Louis Prima, The King of Swing

May 01, 2019
A tireless showman and a talented trumpeter, singer, songwriter and performer, Louis Prima swang his way to icon status thanks to his irresistible, infectious sound that appealed to several generations. In the Louis Prima exhibit opening on May 1st at the New Orleans Jazz Museum, visitors will find an assortment of artifacts including his Grammy for best vocal performance in 1958 for “That Old Black Magic,” his trumpet, and a couple of his suits which are almost as loud as his personality. Louis Prima was one of the best, wildest, and most beloved of New Orleans musicians and entertainers, and this exhibit will leave no doubt as to why and how he became that way.”

Prima was born in the French Quarter in 1911 to an Italian family. By 17, he was playing trumpet professionally at a New Orleans theater, influenced chiefly by Louis Armstrong and King Oliver. He moved to New York in 1934 at the urging of star bandleader, Guy Lombardo, who was impressed with his trumpet playing. Initially struggling to find work, Prima formed a Dixieland band called The New Orleans Gang and landed a regular gig at a 52nd Street club known as The Famous Door. The band was a hit, adopting "Way Down Yonder in New Orleans" as their signature song.

Prima's distinctive sound encompassed New Orleans jazz, boogie-woogie, jump blues, R&B, Italian folk music, and early rock & roll. Prima composed original material, and in 1937 he completed a song called "Sing, Sing, Sing." Benny Goodman recorded an instrumental version and had a huge smash with it the following year, spotlighting it in his legendary Carnegie Hall appearance. It remains one of the most readily identifiable melodies of the swing era. Prima also penned “A Sunday Kind of Love" for Ella Fitzgerald but saved "Jump Jive an’ Wail" for his own band. Long after “Just a Gigolo"/"I Ain't Got Nobody" was recorded in 1957, he was considered to be one of the founding fathers of rock 'n roll even though his music transcended many genres and generations.

Following World War II, Prima’s band took off, landing hits with novelty numbers that often drew upon his Italian background and accent. The first was 1944's "Angelina," a major success that paved the way for titles like "Felicia No Capicia," "Baciagaloop (Makes Love on the Stoop)," "Please No Squeeza Da Banana," and "Josephina, Please No Leana on the Bell." Prima's impact on popular culture was significant; his pronounced ethnicity made it safe for other Italian-American singers to acknowledge their roots.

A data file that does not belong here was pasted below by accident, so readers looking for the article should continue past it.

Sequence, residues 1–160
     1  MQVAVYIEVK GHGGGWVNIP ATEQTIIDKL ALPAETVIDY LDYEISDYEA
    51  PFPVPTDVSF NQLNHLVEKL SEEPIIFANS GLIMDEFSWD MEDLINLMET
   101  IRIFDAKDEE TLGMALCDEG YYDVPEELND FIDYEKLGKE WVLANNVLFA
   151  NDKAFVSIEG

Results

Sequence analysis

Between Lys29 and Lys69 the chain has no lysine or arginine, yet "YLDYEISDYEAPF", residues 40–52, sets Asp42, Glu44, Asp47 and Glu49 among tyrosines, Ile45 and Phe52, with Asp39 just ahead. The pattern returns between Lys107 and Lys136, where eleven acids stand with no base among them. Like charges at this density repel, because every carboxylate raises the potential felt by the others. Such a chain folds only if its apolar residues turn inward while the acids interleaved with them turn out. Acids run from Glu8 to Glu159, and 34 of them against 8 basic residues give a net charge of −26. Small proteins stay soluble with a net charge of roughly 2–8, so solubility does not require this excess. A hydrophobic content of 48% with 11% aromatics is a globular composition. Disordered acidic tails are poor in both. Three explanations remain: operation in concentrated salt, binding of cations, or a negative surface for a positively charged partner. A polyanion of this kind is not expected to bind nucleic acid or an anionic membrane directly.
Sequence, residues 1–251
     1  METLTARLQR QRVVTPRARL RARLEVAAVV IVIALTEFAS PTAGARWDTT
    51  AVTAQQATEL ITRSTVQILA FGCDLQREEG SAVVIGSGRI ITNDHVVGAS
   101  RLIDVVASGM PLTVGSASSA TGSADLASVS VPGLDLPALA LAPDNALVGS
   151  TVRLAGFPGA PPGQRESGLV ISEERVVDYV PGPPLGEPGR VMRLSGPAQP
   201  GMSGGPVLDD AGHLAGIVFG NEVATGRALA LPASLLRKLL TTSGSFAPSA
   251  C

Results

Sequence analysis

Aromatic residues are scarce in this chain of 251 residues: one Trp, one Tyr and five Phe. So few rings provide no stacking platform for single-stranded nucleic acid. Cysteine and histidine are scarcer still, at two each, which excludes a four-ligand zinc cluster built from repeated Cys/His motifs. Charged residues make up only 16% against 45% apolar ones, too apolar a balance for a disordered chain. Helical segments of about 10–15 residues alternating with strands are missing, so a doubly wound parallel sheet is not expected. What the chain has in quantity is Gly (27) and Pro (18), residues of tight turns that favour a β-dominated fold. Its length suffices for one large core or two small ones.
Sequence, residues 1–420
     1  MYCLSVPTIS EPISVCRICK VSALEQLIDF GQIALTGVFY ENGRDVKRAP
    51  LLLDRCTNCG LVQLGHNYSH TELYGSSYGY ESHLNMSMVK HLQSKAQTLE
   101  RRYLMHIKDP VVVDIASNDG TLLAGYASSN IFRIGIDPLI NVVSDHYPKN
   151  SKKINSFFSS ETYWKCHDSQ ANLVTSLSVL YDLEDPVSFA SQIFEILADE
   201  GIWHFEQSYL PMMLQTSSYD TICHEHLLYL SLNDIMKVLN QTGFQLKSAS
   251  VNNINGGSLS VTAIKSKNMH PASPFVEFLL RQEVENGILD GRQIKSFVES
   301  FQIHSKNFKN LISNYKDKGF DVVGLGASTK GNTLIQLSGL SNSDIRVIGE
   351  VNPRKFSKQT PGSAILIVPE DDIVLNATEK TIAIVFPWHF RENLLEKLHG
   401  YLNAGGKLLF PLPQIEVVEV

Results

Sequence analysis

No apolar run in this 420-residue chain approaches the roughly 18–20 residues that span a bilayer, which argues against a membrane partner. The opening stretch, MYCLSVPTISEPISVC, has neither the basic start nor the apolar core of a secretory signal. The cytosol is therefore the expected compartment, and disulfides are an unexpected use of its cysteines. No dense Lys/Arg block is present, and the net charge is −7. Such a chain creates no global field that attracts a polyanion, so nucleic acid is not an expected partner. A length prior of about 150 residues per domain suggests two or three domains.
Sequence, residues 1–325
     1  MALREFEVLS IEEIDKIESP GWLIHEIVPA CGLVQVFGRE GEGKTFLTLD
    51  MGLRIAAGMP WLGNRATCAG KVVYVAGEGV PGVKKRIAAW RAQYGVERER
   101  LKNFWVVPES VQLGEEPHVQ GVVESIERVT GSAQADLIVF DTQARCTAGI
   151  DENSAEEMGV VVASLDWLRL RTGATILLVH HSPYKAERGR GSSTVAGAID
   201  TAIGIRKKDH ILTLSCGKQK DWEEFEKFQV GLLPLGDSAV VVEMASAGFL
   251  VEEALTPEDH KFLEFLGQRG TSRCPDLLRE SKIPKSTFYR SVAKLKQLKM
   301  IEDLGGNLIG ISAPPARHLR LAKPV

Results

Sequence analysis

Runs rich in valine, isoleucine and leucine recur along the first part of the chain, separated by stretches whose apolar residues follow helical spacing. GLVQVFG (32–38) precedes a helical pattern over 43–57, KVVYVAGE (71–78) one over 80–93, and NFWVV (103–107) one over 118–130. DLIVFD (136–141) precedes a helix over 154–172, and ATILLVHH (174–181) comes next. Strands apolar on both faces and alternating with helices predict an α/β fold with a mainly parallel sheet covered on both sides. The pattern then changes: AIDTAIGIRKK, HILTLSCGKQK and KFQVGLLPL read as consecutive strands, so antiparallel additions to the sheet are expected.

By late 1954, Prima was finding bookings harder to come by. He talked a friend into booking him for an extended stay at the Sahara Hotel in Las Vegas. While passing through New Orleans, he recruited local high energy tenor saxophonist, Sam Butera, as a collaborator. Along with musicians from Butera’s band, the new group debuted at the Sahara and were dubbed The Witnesses. Their act quickly became a sensation in Las Vegas, and their engagement turned into a residency billed as "The Wildest Show in Vegas," which ran up to five times a night. Prima always had a female vocalist and his most famous, Keely Smith, the woman who had earned the title of his fourth wife in 1953 after they recorded the classic “That Old Black Magic.” Prima and Smith's comic banter was riddled with sexual innuendo, and they sometimes rewrote the lyrics to popular standards in the same spirit. Even if the music was aimed at older listeners, it shared a great deal of the spirit of early rock & roll.

In 1956, Prima inked a new deal with Capitol, which marked the beginning of the most celebrated and influential period of his recording career. His first album for the label was The Wildest!, which successfully translated the high energy of his live act into a studio recording. It featured many of his best-known songs, including the "Just a Gigolo / I Ain't Got Nobody" medley, "Jump, Jive an' Wail," "Buona Sera," "Oh Marie," and the jive-talking duet "The Lip." Over the next few years, Capitol issued six more Prima albums. Prima and Smith appeared frequently on variety shows including The Ed Sullivan Show, and in 1958 they won a Grammy for their hit version of "That Old Black Magic." In 1959, they appeared in the film, Hey Boy! Hey Girl!, which featured their renditions of the beguiling title song, "Lazy River," and "Banana Split for My Baby," among others.

Prima continued to perform in Las Vegas with The Witnesses and toured successfully as well. In 1967, Disney tapped Prima to voice the character of King Louie, ruler of the orangutans, in its animated adaptation of The Jungle Book. The swinging "I Wanna Be Like You," ranks among the best-loved Disney songs of its era.

In the early 1970s, Prima and Butera returned home to New Orleans where they made a steady living playing in the French Quarter for the tourist crowd. Prima died in 1978, but his music continues as some of the best jazz and swing music ever recorded. Prima was a performer who pulled out all the stops, giving you your money's worth, then rifling through his bag of genre-jumping musical tricks to give you more.

On opening night for the exhibit, May 1, 2019 at 6:30pm, catch a special performance by Lena Prima who has the panache of her father! Her new album, Prima La Famiglia, debuted at #10 on the Billboard Jazz Chart. Through her songs, with a voice that conveys a lush sensuality tinged with sadness, Lena Prima continues to promote her Italian American heritage through her nonprofit organization, CIAO Women!, and of course, she proudly continues the great Prima musical legacy.